The panel of judges were composed of artists, sculptors, and benefactors of the revue. Their identities remained a secret to each other and to the public until the end of the event. The criteria for judging included beauty, form, grace, and personal charm, while costumes and float decorations were not considered.

The judges were as follows:

  • J. Knowles Hare, an artist and painter.
  • Harry Tuthill, a cartoonist, creator of The Bungle Family.
  • Albert Ricker, an artist.
  • Cornelius Vanderbilt Jr., a newspaper publisher from New York.
  • Enrico Cerracchio, an artist and sculptor.
  • Paul Robinson, cartoonist, creator of Etta Kett
  • E. H. Reynolds of St. Louis, Missouri Pacific Lines
  • Results

    "I just know they'll give Miss New York the prize. I love her. She's the most beautiful girl in the world, I think."

    Dorothy Britton

    Dorothy Britton, Miss New York, was awarded both the Miss United States title and the Beauty Queen of the Universe prize. For winning, Britton received $2000 in gold and a silver plaque engraved "Beauty Queen of the Universe". She attributed her win, in part, to a locket with her mother's picture, which she kept with her throughout the competition.

    After the competition, Britton began a 12-week tour in July, making appearances across the United States, such as at Pleasure Beach, Connecticut on July 1 and in Lowell, Massachusetts on August 22.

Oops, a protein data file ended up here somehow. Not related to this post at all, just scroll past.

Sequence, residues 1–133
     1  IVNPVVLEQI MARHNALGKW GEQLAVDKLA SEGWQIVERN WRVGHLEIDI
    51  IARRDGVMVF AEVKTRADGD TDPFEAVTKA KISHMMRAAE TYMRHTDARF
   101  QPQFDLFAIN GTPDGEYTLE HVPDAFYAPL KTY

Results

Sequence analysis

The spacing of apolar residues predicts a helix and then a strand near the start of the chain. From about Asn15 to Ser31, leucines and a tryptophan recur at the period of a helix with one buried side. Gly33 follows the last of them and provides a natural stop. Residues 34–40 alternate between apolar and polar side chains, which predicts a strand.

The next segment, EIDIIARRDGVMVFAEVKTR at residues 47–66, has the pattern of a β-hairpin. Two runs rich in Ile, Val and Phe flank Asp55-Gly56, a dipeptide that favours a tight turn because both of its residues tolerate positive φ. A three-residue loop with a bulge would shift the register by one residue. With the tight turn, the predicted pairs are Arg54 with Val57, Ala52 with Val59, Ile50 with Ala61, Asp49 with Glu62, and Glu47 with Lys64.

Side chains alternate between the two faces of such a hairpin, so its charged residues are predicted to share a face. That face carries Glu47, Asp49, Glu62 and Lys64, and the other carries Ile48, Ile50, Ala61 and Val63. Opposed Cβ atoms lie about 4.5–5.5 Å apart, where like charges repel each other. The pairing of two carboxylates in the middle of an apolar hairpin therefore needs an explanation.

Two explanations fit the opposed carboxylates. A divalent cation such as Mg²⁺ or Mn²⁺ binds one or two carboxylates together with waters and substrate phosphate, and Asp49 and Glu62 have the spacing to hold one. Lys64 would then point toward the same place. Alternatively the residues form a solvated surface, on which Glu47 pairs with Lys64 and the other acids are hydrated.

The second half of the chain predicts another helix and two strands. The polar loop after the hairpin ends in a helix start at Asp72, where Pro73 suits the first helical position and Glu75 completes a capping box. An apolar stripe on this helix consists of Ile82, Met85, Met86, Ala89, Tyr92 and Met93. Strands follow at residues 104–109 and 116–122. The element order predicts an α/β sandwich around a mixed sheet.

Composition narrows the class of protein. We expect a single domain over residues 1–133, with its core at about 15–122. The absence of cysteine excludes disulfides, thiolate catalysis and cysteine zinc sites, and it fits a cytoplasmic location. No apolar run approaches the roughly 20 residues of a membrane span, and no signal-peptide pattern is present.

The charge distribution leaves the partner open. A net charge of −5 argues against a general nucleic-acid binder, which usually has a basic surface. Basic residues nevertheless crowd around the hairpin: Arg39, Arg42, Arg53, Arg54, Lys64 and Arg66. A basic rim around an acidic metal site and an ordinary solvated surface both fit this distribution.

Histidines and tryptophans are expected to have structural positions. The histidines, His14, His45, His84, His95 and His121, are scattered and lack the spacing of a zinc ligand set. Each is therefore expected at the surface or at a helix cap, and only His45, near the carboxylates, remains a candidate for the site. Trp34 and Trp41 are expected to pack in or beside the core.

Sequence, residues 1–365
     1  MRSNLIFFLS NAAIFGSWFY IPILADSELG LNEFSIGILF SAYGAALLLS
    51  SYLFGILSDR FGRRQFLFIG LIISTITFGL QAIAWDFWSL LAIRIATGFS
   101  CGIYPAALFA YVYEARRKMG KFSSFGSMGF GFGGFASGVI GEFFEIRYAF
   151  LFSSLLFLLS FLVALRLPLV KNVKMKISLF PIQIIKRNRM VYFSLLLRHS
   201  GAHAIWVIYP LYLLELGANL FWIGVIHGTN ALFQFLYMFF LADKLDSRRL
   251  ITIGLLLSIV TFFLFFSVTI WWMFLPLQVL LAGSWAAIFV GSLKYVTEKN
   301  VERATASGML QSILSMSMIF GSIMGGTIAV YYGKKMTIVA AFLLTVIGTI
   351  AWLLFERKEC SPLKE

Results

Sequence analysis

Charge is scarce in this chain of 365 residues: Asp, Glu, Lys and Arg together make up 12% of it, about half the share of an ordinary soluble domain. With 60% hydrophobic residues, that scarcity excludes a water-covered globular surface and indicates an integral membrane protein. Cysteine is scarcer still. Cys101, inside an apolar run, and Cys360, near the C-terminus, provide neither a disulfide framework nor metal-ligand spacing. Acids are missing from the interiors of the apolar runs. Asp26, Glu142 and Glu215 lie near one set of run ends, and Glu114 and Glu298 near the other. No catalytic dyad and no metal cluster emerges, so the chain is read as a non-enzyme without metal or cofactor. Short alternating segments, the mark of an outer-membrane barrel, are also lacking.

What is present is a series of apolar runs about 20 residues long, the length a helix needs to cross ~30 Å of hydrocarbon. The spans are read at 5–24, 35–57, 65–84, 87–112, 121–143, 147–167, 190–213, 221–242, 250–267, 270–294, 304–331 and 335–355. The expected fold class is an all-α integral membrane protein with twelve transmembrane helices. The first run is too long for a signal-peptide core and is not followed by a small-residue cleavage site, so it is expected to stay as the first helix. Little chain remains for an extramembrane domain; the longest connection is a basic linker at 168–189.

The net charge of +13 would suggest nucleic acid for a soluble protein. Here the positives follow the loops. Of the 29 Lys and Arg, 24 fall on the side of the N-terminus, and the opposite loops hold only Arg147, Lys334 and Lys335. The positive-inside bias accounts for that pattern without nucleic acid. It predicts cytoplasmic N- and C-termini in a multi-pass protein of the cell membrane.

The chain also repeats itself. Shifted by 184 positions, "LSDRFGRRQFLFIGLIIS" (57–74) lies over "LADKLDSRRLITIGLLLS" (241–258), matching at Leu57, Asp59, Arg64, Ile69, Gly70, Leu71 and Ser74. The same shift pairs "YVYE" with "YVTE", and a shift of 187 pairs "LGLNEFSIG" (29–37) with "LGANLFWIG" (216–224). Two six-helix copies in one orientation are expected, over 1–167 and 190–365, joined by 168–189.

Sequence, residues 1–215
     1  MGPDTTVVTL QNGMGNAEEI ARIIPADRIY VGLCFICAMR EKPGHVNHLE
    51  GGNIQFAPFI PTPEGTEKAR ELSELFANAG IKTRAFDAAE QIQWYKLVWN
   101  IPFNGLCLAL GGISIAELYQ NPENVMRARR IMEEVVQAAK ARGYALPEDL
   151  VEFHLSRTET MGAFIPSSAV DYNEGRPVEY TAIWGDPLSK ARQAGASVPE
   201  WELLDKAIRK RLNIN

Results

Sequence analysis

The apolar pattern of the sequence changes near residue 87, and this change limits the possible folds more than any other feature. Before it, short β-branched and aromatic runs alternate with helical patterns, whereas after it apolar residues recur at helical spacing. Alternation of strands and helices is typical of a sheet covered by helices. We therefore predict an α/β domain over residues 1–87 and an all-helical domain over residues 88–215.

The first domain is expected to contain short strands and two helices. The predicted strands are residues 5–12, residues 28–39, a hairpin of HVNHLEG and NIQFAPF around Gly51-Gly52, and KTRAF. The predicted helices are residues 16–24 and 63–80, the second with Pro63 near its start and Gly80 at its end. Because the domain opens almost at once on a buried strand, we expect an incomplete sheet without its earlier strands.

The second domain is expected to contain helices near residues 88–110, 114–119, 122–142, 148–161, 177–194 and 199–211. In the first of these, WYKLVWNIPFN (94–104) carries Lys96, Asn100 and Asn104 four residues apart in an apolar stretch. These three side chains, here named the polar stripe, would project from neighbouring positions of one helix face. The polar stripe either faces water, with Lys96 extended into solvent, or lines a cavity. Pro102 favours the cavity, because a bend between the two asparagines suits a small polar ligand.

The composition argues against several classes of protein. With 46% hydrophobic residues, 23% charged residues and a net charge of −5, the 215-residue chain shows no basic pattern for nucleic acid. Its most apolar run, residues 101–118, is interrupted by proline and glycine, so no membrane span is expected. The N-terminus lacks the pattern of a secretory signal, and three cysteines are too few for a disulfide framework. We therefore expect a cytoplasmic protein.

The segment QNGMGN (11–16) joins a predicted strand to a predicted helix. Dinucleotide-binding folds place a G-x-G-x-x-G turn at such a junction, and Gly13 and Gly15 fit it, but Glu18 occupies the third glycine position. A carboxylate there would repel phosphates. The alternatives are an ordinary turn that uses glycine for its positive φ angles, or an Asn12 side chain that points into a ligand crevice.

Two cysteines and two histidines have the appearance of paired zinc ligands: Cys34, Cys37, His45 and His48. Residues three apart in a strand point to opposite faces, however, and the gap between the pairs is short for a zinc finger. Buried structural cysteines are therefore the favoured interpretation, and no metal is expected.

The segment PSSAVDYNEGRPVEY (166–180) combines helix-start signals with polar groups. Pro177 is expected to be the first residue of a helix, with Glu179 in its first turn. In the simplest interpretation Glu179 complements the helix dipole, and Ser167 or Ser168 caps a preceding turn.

Britton, 19, from Jersey City, was a saleslady at a New York dress house before entering the Miss New York Contest. She was chosen among 900 contestants for the title of Miss New York, the contest held by N. Y. Mirror and Smart Set Magazine. Britton was said to enjoy three cups of black coffee a day, and was described as an out-of-doors type of girl. She engaged in a variety of sports such as swimming, tennis, fencing, and horseback riding.

    Delegates

    Thirty-eight women entered the pageant in 1927, one less from the previous year's. However, there were more competitors in the event from outside the United States compared to 1926. Also, restrictions were placed on the contestants in that they should be chosen in an elimination contest in their home city, conducted by a newspaper, theater, commercial or civic body.

    Contestants had to be unmarried, aged 16 to 25, and not connected with any stage presentation, movie studio, or similar industries. The contest was open to women from any city anywhere in the world except Galveston. For example, Miss Italy was chosen in a nationwide contest by Rome newspaper Tevere, and Miss France was chosen in a contest conducted by Le Journal of Paris.

    Controversy

    In April 1927, a French woman who sought to enter the pageant after claiming she was the "most beautiful woman in France" was detained at Ellis Island. Official sponsors of Miss France, Roberte Cusey, protested her claim.

    Notable Guests

    Major General Mason Patrick attended the event, bringing with him a detail of over 60 planes. Also present were Congressman Clay Stone Briggs and newspaper publisher Cornelius Vanderbilt, Jr.

    References

    1927 International Pageant of Pulchritude Wikipedia